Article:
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Tourette's Syndrome Treatment
Tourette's syndrome is a chronic familial disorder with a fluctuating course; the long-term outcome is generally favorable. Although the exact underlying pathology has yet to be determined, evidence indicates a disorder localized to the frontal-subcortical neural pathways. Up to 20 percent of children have at least a transient tic disorder at some point. Once believed to be rare, Tourette's syndrome is now known to be a more common disorder that represents the most complex and severe manifestation of the spectrum of tic disorders.
What are the treatment options for curing Tourette's syndrome?
Many children won't need any medicine, but some may. The important thing is to get the right diagnosis for your child. This makes it easier to understand your child's behavior.
If you or your child has Tourette's plus comorbid or associated conditions, then you will also need to prioritize to determine what to treat for: is it the tics that are really the most significant problem, or is it any ADHD or OCD or mood disorder? The medications you would use for tics are not necessarily what you would use for another condition and treating one condition might make symptoms of another condition worse. You will also want to learn about research-validated alternatives to medication.
Medication for Tourette's syndrome(TS)
The available TS medications are only able to help reduce specific symptoms. In the U. S., the most frequently prescribed medications are
- clonidine hydrochloride (Catapres®) and
- guanfacine (Tenex®), two alpha 2-adrenergic agonists.
- Clonidine ( an antihypertensive drug ) is actually a blood pressure medication that was found to ameliorate tics.
Clonidine and guanfacine can generally be taken by individuals who have normal blood pressure. Clonidine is available in tablet and sustained-release (transdermal) patch form. At the present time, guanfacine is not available in patch form.
Some clinicians and investigators have been exploring the value of nicotine patches or mecamylamine (Inversine®), a medication that blocks nicotine receptors in the brain. Over all, however, it seems that the nicotine patch's promise is as a supplement to tic medication, and not as a sole treatment.
Jankovic and Beach (1997) report that tetrabenazine (TBZ), a medication that blocks dopamine receptors, produced significant tic amelioration in over half the patients they followed for over two years. TBZ is not currently approved by the FDA as a treatment for tics.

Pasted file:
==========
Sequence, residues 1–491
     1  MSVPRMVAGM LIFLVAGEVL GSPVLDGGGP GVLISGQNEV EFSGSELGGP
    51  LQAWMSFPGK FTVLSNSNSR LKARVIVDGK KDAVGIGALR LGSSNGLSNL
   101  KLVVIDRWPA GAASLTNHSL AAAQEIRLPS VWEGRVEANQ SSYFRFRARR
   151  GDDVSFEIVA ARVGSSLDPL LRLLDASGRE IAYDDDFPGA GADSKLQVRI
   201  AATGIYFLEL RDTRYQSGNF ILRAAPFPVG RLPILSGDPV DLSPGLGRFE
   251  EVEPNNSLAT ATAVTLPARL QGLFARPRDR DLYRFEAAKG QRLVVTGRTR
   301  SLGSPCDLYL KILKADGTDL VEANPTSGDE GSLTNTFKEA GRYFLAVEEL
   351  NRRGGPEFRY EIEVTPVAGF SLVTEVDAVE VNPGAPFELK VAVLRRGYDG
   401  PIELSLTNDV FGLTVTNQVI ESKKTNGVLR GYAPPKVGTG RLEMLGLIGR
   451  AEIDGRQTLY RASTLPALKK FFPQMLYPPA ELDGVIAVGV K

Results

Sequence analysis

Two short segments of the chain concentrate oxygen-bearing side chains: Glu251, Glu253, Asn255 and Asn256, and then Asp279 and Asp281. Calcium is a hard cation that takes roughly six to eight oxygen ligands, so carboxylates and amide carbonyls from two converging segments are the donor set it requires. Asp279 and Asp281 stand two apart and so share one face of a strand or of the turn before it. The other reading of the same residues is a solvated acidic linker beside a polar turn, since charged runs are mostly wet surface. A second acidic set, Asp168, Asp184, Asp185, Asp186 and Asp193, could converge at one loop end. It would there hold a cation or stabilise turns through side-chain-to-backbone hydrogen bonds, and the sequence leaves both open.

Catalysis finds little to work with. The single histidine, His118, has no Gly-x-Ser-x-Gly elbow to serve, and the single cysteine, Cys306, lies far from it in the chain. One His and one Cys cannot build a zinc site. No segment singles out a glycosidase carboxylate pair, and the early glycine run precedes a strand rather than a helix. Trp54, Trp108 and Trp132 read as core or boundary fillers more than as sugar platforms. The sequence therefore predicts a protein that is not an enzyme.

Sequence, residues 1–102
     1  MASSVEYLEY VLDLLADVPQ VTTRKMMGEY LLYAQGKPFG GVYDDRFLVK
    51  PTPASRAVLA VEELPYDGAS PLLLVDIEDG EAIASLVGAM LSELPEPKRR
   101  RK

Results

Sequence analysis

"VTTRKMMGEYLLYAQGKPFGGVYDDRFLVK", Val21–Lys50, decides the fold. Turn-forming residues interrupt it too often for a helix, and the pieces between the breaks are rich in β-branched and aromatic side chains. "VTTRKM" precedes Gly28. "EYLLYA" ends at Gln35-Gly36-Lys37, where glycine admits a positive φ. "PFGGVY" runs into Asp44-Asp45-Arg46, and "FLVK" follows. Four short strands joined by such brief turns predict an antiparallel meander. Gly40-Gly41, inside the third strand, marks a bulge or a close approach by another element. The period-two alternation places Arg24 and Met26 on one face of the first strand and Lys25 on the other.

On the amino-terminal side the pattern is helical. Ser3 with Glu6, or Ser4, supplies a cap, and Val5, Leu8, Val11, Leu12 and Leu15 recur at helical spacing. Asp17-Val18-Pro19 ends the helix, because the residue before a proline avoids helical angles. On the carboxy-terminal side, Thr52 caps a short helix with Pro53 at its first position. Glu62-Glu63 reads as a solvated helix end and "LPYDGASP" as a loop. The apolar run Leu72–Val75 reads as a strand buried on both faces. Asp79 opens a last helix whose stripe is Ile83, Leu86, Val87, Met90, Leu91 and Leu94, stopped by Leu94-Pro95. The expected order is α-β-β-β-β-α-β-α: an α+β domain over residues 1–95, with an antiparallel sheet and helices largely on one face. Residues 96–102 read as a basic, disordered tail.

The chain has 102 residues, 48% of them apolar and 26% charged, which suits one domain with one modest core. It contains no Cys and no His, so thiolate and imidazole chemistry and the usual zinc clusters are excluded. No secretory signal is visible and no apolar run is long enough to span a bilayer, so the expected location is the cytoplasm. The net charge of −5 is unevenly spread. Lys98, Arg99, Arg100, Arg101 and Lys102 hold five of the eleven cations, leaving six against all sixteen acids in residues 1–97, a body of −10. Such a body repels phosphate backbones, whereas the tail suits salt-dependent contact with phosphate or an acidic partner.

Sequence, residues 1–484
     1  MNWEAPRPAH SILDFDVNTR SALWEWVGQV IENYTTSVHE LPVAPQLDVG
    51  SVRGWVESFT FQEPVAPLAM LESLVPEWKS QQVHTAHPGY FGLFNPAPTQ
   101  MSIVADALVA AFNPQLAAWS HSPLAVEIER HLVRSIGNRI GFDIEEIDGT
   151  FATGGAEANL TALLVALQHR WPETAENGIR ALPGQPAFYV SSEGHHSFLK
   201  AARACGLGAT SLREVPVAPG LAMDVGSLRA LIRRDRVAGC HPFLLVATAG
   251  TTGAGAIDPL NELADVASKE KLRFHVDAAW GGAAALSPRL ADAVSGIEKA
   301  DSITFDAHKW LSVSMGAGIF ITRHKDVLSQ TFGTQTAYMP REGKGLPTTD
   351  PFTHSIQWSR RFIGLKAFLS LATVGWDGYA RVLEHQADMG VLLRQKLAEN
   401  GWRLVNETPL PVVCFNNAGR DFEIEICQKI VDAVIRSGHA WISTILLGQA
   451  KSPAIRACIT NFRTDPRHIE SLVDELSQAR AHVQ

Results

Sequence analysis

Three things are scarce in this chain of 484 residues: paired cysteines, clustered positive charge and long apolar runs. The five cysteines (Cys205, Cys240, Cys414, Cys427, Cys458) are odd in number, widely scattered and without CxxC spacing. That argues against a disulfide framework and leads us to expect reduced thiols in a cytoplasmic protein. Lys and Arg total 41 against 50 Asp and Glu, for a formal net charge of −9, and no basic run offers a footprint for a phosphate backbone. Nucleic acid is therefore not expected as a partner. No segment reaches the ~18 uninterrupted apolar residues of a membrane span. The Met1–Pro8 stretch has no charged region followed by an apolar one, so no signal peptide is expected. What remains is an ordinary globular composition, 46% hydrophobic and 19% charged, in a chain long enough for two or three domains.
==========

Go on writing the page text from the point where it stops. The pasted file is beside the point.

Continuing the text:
Other types of therapy for Tourette's syndrome
Other types of therapy may also be helpful.
- Psychotherapy - Although psychological problems do not cause TS, psychotherapy may help the person better cope with the disorder and deal with the secondary social and emotional problems that sometimes occur. Psychotherapy does not help suppress the patient's tics. Family counseling and psychotherapy may be useful to help cope with adjustment problems associated with the social stigma common in more severe cases.
- Relaxation techniques and biofeedback may be useful in alleviating stress that can lead to an increase in tic symptoms.
- Education and support - A person with Tourette's, along with family members, should be taught about the natural course of the disorder. Tics most likely will decrease in intensity and frequency as time passes. With proper treatment, tics need not impair life at school, at work or in relationships. Self-help groups can provide support and education.
There is no cure for TS; however, the condition in many individuals improves as they mature. Individuals with TS can expect to live a normal life span. Although the disorder is generally lifelong and chronic, it is not a degenerative condition.
Management of Tourette's syndrome should include timely and accurate diagnosis, education, and behavior or pharmacologic interventions. Use of neuroleptic medications and dopamine D 2 antagonist drugs can be effective but may be associated with significant side effects.
What else should I know about Tourette's syndrome treatment?
Many children with Tourette's syndrome also have attention-deficit hyperactivity disorder (also called ADHD). Children with Tourette's syndrome may also have learning disabilities or obsessive-compulsive disorder (thoughts or behaviors that are repeated over and over). Your doctor can help you find out if your child has any of these other conditions.
Tics may affect more than one person in a family. Tics and Tourette's syndrome should be considered as a possible cause if a child with a family member who has Tourette's syndrome has learning or behavior.